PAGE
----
I don’t typically write or comment on issues of diversity and inclusion. But an often-overlooked aspect of the topic — cognitive diversity — is starting to come into the spotlight, and I have some insights on it because of the focus of my work. In my experience, I’ve seen that companies produce the best results and are better able to innovate when their team members don’t all think, process information or see the world in the same way. Leaders who innovate and make an impact seek out those who don’t share their opinions and resist the tendency to over-rely on their experience and what has worked in the past.
Writing in Harvard Business Review, researchers Alison Reynolds and David Lewis report some fascinating findings that echo my experience. Reynolds and Lewis studied how well executive teams could complete a strategic execution task under time pressure. They discovered that the kinds of diversity we most commonly think of — gender, race, age — had no correlation to a team’s results. What did make a difference was whether the team members had different perspectives and different styles of processing knowledge.
You’ve probably seen the impact of low cognitive diversity in your own work. For example, maybe you’ve interacted with a team that worked harmoniously but that overlooked a business threat or an opportunity to innovate.
What does the concept of cognitive diversity mean for leaders? As Reynolds and Lewis point out, “we recruit in our own image.” It’s important to address this bias when it comes to factors like race, gender and age, of course. But leaders must also be aware that they favor people who think as they do as well. When leaders surround themselves with people who “constantly validate and reflect their own beliefs,” it stifles fresh thinking, Vivek Bapat, Senior Vice President and Global Head of Marketing Strategy at SAP SE, writes in Harvard Business Review. When this happens, leaders, teams and entire organizations lose their way, Bapat says.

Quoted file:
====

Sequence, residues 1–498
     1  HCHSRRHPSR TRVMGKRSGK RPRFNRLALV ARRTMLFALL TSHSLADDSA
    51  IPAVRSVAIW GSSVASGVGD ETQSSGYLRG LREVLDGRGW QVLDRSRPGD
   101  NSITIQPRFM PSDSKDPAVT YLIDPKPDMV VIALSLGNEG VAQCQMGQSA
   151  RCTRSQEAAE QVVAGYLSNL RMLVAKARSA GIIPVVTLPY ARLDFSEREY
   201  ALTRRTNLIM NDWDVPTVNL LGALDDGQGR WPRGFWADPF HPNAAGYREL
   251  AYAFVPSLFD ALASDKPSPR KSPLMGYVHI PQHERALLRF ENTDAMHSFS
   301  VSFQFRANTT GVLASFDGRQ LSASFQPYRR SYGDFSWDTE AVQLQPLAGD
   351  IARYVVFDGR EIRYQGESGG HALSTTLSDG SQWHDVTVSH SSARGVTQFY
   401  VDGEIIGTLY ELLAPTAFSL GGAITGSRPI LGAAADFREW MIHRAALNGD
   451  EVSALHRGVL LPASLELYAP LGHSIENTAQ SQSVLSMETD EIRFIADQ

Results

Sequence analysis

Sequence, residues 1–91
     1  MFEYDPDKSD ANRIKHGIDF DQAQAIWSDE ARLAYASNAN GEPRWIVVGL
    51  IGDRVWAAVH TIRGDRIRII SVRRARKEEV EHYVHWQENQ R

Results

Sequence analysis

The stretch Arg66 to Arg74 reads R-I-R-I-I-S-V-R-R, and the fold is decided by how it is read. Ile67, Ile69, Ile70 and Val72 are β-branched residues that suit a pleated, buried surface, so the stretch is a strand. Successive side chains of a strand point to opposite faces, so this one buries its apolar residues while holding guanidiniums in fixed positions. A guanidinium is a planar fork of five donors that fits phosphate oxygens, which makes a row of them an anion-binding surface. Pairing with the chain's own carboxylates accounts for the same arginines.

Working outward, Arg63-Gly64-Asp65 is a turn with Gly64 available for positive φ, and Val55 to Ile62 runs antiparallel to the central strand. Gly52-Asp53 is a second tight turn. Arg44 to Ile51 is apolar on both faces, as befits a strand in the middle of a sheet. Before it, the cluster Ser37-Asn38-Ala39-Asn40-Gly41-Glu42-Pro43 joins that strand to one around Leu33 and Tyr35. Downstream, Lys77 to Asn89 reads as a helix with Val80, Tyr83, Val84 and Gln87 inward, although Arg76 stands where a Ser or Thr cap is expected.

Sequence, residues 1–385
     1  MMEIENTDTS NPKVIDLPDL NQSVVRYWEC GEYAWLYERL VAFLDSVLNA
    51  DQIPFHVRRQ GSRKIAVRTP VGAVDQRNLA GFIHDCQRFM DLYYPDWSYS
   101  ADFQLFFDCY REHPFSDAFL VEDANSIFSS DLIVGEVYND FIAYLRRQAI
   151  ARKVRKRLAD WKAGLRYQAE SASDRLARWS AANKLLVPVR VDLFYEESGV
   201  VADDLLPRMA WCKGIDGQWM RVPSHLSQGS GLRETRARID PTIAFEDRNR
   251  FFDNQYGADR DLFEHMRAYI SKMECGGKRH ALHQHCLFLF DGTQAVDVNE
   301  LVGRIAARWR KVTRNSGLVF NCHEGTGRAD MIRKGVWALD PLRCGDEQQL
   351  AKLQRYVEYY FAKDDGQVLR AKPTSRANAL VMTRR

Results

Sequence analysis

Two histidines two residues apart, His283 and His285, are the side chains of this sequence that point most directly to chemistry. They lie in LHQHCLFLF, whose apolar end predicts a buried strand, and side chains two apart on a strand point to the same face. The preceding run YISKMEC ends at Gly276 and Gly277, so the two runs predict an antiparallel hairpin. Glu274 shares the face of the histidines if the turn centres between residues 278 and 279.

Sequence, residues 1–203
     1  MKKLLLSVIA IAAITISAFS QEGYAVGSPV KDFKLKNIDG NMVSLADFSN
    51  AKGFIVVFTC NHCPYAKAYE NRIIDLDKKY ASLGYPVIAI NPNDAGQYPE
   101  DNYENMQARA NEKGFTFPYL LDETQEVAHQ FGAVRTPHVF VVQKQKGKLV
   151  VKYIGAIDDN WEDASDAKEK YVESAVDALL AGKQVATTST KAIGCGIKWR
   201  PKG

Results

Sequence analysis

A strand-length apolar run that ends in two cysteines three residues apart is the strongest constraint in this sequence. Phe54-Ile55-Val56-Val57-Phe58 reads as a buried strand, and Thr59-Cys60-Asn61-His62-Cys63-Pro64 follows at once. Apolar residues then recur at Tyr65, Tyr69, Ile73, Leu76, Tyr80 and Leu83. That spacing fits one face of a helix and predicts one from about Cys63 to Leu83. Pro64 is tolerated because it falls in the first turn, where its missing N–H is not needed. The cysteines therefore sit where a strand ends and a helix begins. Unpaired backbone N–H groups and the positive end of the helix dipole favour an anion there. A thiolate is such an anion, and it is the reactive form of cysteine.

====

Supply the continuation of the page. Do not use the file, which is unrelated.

Leaders can also encourage cognitive diversity in their day-to-day practices. For example, when everyone seems in lockstep on a decision, “find someone who disagrees and cherish them,” Reynolds and Lewis write. Cultivate an environment where team members know they can speak up, ask questions and express dissent. Train employees to recognize their unconscious biases so that they can better collaborate with others who differ from them. Both of these actions are pillars of the CEO Action for Diversity & Inclusion™.
A culture that encourages (explicitly or implicitly) conformity of thought breeds stagnation and imperils a company. For that reason, initiatives to build diversity in how employees think deserve a place alongside demographic diversity programs.